The grey area of the law in Maryland is growing and cultivating magic mushrooms, which is illegal. Possessing the spores is fine, but at the same time, people must also check their mushrooms. Once they are mature enough to develop psilocybin, it is no longer legal.
Being a hallucinogen, possessing any amount of a controlled substance is a misdemeanor. This leads to a four-year sentence with a $25,000 fine. An excessive amount is considered a felony, leading to more serious consequences. Possession of such substances with the intent of distributing them will lead to twenty years in prison with a $20,000 fine.
What’s Happening Now?
The University of Maryland also conducted its research. Similar to Johns Hopkins Medicine, they focused on psilocybin and its effects. Instead of people, Dr Scott Thompson used mice for his research. They found that in mice, it can still act as an antidepressant. This is even if the psychedelic effects are blocked.
Natalie Hesselgrave conducted another experiment for the school of medicine. They also used a mouse model of depression. Again, they were placed under stress for several hours in the span of two to three weeks.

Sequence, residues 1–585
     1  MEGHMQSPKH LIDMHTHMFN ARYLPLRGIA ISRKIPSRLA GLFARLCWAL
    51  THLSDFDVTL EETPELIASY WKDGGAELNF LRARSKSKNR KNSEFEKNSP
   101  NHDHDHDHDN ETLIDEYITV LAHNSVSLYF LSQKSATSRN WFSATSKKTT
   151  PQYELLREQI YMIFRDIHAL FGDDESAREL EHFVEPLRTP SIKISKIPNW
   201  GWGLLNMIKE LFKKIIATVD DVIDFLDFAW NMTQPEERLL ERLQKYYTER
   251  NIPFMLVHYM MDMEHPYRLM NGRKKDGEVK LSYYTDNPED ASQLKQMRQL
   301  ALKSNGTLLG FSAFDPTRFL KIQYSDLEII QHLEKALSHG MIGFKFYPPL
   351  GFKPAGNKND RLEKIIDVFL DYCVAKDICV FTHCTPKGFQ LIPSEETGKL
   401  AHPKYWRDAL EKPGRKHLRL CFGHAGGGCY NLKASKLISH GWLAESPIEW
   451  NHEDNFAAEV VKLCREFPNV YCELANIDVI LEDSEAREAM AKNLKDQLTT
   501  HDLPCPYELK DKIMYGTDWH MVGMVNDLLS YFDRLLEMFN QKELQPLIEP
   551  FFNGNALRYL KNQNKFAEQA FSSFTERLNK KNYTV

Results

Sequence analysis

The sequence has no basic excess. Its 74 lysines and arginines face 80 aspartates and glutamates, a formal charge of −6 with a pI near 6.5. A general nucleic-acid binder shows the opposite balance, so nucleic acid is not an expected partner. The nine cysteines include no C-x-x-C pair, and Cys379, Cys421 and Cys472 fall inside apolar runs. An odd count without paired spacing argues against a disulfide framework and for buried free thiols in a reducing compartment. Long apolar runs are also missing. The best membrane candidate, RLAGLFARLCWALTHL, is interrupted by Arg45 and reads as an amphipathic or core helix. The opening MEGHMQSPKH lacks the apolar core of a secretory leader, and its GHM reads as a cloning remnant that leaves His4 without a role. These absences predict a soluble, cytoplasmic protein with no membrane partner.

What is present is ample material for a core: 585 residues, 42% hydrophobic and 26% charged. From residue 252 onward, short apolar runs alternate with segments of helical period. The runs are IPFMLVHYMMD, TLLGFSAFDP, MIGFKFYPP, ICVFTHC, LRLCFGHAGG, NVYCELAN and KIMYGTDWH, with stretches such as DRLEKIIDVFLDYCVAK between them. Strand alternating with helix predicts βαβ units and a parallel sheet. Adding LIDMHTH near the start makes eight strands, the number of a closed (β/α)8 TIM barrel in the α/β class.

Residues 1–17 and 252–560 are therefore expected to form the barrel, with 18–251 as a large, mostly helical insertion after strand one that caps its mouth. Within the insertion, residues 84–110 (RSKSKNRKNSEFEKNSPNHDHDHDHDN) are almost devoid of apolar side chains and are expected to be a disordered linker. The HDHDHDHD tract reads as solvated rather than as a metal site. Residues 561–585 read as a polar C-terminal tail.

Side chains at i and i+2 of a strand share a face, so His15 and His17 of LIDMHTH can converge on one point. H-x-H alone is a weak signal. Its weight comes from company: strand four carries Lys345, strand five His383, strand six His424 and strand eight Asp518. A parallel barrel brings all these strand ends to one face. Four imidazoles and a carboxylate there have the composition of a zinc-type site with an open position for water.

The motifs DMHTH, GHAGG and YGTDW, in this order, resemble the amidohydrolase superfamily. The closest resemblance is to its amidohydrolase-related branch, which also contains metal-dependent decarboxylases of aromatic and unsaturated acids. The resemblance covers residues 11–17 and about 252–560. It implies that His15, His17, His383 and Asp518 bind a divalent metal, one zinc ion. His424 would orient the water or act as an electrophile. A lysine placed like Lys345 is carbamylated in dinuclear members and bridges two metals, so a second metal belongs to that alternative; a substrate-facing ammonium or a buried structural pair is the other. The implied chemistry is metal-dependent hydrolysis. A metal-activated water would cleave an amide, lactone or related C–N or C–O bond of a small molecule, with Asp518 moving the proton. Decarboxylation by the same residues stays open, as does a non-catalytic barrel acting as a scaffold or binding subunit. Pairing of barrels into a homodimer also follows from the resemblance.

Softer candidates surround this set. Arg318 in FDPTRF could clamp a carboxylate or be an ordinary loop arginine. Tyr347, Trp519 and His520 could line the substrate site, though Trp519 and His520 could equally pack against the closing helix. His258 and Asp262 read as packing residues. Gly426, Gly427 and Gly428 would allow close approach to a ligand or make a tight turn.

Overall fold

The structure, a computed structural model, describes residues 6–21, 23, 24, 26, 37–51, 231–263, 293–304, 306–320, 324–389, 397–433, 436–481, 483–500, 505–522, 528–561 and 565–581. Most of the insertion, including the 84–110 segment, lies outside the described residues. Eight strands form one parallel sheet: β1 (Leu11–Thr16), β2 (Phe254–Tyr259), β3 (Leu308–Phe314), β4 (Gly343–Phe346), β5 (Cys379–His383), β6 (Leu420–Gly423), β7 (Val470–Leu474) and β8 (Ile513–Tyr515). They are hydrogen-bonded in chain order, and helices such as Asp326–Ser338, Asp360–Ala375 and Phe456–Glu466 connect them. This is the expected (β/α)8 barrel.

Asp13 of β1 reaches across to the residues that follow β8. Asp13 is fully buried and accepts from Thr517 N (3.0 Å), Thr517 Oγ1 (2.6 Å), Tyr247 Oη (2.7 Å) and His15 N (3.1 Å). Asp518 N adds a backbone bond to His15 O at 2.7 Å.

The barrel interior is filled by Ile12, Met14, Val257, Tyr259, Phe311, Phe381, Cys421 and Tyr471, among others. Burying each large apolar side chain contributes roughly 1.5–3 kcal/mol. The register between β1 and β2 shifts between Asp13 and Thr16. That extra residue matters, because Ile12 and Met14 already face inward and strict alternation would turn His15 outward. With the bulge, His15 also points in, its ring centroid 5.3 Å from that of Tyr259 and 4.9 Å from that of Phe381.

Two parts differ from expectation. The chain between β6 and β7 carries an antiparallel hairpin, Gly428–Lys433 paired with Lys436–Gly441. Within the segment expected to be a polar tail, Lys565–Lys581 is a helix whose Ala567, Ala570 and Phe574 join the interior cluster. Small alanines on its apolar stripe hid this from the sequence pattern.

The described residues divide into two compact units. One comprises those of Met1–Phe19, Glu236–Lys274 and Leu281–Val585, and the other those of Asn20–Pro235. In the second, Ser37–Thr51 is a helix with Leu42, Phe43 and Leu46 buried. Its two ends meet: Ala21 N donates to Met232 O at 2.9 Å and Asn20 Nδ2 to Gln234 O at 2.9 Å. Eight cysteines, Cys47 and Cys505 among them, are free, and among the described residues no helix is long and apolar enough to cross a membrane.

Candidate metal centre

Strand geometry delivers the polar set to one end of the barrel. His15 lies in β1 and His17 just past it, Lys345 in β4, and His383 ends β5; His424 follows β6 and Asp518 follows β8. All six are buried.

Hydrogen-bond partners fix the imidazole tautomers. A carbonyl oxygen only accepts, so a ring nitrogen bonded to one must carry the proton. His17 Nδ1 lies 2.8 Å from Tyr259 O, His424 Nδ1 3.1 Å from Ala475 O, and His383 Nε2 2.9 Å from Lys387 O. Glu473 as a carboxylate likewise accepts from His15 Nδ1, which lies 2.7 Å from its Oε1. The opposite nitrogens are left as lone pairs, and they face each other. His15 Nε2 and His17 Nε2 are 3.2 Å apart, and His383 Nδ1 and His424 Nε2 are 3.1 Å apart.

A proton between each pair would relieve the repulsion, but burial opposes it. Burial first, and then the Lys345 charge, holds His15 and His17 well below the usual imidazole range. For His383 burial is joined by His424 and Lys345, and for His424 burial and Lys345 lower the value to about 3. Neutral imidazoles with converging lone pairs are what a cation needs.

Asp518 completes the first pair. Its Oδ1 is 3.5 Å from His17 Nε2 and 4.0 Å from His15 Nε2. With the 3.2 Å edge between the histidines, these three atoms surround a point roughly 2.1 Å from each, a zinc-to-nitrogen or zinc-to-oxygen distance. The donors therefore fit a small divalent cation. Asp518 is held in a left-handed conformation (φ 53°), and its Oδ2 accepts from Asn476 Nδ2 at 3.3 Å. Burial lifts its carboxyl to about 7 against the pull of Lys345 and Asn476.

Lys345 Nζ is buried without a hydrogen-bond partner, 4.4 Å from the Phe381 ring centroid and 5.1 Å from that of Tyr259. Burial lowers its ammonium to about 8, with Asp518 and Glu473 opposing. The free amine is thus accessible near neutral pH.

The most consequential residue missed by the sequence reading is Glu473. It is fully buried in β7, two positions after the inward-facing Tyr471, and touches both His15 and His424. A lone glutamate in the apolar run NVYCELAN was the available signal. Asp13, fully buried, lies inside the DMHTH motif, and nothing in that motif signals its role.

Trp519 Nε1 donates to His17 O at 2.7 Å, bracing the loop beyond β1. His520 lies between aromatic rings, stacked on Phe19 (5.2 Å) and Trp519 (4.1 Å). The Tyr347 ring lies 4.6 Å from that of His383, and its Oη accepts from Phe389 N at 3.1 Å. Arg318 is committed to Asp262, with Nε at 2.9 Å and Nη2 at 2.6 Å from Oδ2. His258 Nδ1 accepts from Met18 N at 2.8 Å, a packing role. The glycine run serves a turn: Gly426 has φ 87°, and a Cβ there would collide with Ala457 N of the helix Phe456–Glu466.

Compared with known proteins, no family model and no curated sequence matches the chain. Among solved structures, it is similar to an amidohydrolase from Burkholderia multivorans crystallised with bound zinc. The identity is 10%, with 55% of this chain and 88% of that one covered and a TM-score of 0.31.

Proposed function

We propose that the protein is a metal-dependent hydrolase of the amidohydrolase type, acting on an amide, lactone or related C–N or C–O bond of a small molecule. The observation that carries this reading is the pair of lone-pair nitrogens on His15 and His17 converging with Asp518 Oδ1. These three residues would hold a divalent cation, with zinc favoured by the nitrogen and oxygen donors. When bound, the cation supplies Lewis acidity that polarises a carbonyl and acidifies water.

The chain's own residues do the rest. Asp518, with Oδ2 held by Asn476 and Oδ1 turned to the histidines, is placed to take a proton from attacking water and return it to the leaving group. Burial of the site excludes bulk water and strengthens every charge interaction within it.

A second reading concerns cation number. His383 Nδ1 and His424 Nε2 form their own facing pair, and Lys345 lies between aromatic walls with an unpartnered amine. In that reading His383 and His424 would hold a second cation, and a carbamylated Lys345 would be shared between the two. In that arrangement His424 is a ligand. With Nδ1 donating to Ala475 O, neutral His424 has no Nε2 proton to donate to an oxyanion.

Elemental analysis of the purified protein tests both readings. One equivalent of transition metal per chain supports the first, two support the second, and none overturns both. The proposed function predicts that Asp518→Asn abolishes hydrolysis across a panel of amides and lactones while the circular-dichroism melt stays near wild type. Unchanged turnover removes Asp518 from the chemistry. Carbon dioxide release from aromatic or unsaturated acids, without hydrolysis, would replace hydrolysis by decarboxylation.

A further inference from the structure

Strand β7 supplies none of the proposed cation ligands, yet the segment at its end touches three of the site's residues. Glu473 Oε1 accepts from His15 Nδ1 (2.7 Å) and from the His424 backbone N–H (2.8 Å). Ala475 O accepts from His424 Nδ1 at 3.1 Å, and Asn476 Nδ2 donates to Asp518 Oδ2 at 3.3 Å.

However, it is almost impossible to measure depression in mice. So they used plain and sugar water rewards systems. The idea is that when they get depressed, the preference for sugar water disappears. But, 24 hours after their dose of psilocybin, changes were already showing. The “depressed” mice were able to regain their taste for sugar water.
Psilocybin works by turning on the brain’s “happy receptor,” called serotonin. Also, one of these receptors handles psychedelic effects. For the experiment, the researchers used ketanserin. This was used to block this receptor from causing stress. But, by using psilocybin, they discovered that the mice turned back to sugar water. This is even without activating the receptor.
Maryland follows the laws of the DEA on drugs that make psilocybin illegal. But the state may follow in Denver and Oakland’s footsteps. Maryland may reconsider its rules on substances with the use of research.
This is an exciting event for magic mushroom users living or visiting the state. But, it will take some time before people can freely use them, like in Oregon. Before people can enjoy growing and eating shrooms, appeals and hearings must happen.